Magic, adventure, mystery, and romance combine in this epic debut in which a young princess must reclaim her dead mother’s throne, learn to be a ruler—and defeat the Red Queen, a powerful and malevolent sorceress determined to destroy her.
On her nineteenth birthday, Princess Kelsea Raleigh Glynn, raised in exile, sets out on a perilous journey back to the castle of her birth to ascend her rightful throne. Plain and serious, a girl who loves books and learning, Kelsea bears little resemblance to her mother, the vain and frivolous Queen Elyssa. But though she may be inexperienced and sheltered, Kelsea is not defenseless: Around her neck hangs the Tearling sapphire, a jewel of immense magical power; and accompanying her is the Queen’s Guard, a cadre of brave knights led by the enigmatic and dedicated Lazarus. Kelsea will need them all to survive a cabal of enemies who will use every weapon—from crimson-caped assassins to the darkest blood magic—to prevent her from wearing the crown.
Despite her royal blood, Kelsea feels like nothing so much as an insecure girl, a child called upon to lead a people and a kingdom about which she knows almost nothing. But what she discovers in the capital will change everything, confronting her with horrors she never imagined. An act of singular daring will throw Kelsea’s kingdom into tumult, unleashing the vengeance of the tyrannical ruler of neighboring Mortmesne: the Red Queen, a sorceress possessed of the darkest magic. Now Kelsea will begin to discover whom among the servants, aristocracy, and her own guard she can trust.
But the quest to save her kingdom and meet her destiny has only just begun—a wondrous journey of self-discovery and a trial by fire that will make her a legend . . . if she can survive.
Review: 4 Stars
I’ve wanted to read The Queen of the Tearling for a while now, but it became more of a priority when I heard that Beneath the Keep was coming out. So many of my friends raved about the series and with the prequel coming out I figured that it was about time that I read the series myself. I have been searching for a fantasy series that I could binge read and I really enjoyed this series opener so I am excited to continue with the rest of the series.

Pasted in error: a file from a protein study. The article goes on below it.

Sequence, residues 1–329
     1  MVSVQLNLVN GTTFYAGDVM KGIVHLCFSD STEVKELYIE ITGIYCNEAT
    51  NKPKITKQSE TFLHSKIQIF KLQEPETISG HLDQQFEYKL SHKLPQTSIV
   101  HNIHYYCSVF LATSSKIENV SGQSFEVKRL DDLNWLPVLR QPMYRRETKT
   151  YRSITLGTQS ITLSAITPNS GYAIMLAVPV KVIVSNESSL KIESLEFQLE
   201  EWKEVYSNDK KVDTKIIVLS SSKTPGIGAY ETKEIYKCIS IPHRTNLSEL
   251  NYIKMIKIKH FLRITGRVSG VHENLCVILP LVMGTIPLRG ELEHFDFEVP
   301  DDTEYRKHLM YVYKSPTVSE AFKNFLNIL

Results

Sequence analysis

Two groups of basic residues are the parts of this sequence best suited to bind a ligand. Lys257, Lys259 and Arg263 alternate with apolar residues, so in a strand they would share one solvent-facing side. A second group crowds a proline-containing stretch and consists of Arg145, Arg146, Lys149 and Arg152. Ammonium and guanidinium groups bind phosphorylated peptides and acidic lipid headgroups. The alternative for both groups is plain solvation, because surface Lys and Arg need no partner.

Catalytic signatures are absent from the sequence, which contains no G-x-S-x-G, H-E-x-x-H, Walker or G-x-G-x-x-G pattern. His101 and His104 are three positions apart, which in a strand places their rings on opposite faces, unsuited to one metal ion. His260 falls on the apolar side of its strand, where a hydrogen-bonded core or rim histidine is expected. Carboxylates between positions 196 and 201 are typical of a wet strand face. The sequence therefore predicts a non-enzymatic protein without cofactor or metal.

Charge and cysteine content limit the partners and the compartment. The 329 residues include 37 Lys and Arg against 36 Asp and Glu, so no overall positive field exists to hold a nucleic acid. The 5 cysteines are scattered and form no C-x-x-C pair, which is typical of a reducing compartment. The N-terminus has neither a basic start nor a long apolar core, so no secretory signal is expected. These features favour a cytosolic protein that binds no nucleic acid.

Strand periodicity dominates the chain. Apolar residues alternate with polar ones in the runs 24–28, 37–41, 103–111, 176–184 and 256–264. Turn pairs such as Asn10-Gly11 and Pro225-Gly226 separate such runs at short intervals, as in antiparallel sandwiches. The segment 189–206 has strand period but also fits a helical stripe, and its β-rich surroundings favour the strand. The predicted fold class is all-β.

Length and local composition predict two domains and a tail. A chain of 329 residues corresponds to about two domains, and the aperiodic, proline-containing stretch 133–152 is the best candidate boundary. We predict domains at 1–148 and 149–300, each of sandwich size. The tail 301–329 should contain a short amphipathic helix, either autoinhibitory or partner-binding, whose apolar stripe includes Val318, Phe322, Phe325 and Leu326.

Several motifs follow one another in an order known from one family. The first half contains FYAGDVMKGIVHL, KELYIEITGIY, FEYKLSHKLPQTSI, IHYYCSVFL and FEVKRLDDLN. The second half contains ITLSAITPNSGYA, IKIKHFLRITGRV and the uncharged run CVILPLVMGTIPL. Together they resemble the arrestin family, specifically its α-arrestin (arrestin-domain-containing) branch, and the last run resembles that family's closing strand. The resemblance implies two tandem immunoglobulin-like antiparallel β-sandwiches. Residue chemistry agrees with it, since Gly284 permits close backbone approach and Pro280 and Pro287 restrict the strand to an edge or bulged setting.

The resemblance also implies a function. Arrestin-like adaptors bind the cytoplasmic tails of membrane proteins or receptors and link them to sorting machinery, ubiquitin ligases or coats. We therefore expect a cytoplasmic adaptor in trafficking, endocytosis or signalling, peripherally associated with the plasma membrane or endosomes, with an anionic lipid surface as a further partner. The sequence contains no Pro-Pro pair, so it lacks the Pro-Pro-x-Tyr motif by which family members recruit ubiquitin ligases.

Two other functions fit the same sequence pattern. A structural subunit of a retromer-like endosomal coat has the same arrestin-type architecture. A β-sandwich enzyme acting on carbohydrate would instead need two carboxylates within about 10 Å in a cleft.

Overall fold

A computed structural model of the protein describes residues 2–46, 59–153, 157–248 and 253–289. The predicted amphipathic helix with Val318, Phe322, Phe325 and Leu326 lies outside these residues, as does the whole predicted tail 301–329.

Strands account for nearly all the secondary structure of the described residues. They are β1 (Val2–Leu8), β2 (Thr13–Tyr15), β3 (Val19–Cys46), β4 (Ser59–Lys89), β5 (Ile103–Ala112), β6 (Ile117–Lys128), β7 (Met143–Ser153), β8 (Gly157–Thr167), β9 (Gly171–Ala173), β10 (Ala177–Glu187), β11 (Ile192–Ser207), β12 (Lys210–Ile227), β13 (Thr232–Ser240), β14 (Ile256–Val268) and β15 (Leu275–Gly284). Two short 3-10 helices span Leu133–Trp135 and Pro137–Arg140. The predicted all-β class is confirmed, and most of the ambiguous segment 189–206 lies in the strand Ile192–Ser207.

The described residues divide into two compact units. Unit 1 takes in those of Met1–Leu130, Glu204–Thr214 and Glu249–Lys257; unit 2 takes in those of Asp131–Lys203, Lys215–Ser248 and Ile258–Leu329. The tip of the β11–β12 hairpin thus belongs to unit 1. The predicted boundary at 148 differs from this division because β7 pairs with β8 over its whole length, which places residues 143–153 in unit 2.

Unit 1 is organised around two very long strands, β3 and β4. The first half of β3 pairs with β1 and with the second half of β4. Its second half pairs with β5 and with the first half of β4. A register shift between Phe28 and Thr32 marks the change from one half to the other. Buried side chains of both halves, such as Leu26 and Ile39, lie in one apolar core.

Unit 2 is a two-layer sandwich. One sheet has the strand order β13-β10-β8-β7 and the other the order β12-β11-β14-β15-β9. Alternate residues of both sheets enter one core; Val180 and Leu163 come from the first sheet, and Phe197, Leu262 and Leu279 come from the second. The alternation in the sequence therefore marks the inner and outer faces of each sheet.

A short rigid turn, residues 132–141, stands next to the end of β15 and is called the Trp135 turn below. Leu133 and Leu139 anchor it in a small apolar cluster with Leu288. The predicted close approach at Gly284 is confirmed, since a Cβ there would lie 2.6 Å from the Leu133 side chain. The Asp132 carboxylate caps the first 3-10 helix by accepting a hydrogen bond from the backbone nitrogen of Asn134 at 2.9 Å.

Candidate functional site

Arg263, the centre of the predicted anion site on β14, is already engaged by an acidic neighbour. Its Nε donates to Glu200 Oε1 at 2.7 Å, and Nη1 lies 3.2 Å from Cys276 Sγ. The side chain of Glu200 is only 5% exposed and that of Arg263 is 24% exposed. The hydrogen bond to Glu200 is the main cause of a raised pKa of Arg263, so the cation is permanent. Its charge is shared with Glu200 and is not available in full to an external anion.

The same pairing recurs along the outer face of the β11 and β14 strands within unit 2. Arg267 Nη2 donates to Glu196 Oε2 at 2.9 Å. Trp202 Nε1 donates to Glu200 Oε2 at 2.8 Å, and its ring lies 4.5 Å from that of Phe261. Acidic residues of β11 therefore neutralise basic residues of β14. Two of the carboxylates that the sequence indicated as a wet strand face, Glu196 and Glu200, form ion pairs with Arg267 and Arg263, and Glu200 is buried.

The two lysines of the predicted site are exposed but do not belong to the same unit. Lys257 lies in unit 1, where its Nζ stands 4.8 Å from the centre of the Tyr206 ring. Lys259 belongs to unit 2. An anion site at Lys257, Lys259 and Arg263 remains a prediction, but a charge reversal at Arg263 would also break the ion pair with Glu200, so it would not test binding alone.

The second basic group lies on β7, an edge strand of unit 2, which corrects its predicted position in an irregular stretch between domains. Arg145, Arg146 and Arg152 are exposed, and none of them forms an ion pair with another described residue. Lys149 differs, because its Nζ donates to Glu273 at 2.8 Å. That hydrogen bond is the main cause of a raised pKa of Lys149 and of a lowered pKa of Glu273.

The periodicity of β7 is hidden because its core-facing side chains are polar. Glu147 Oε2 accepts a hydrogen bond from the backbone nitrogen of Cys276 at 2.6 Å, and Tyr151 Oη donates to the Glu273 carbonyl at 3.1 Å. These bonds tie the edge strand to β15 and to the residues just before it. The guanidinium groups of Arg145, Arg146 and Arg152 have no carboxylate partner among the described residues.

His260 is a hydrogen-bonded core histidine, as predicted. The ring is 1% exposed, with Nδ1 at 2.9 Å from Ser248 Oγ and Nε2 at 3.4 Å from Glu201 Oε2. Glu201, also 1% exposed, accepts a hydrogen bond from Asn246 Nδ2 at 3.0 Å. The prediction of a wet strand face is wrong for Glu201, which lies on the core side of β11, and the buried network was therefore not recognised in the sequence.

The Queen of the Tearling is a character driven political fantasy, so we get to know all of the characters pretty well and they all have depth to them. Kelsea was an interesting main character to read about. She changes a lot throughout the course of the novel and it’s a really powerful transformation to read. In the beginning of the book she is a sheltered young girl who is very unsure of herself. She grows over the course of the novel into a storng leader who is lead by hr moral compass and pursues justice for her people. I really love that she is described as plain because this book shows that a women have to be beautiful to make a difference in this world. But Kelsea is insecure and overly concerned with her appearance. While it is easy to understand that she feels this way because she lives in a society that values beauty, I do feel that some readers may find her inner monologue harmful at times.
The plot is pretty slow paced, but remained captivating. The pacing is inconsistent, fast at times with action, yet overly detailed in other moments. Kelsea inherited a kingdom that is corrupt and under the thumb of a neighboring kingdom. Kelsea has good morals and immediately begins a fight against the injustices, putting her kingdom in a precarious predicament. There are a lot of political themes to the plot, but most of the book focused on the characters and Kelsea’s ascension to the throne. I was pretty invested in the characters and the story, but there were definitely a lot of unnecessary details that bogged down the pace.
For a world with such a fascinating history and a main character who loves history herself we as readers learn very little about the world and its history. I really hope that we get more world building in book two because I’m really curious about how this world came to be. We do get to see how corrupt the entire country is though and while I don;t understand the history of the world I do have a very clear picture of the world as it is now. The book focuses mostly on the politics and the culture of the world and those aspects are done really well.
I think The Queen of the Tearling is a very strong debut and a good series opener, but there were several issues that kept it from being a 5 star read. I will definitely continue reading the series and can’t wait to see what happens next. I do think that at times the writing is overly detailed, but I hope the pacing will improve with the author’s second book. I absolutely love the characters and am already deeply invested in their stories.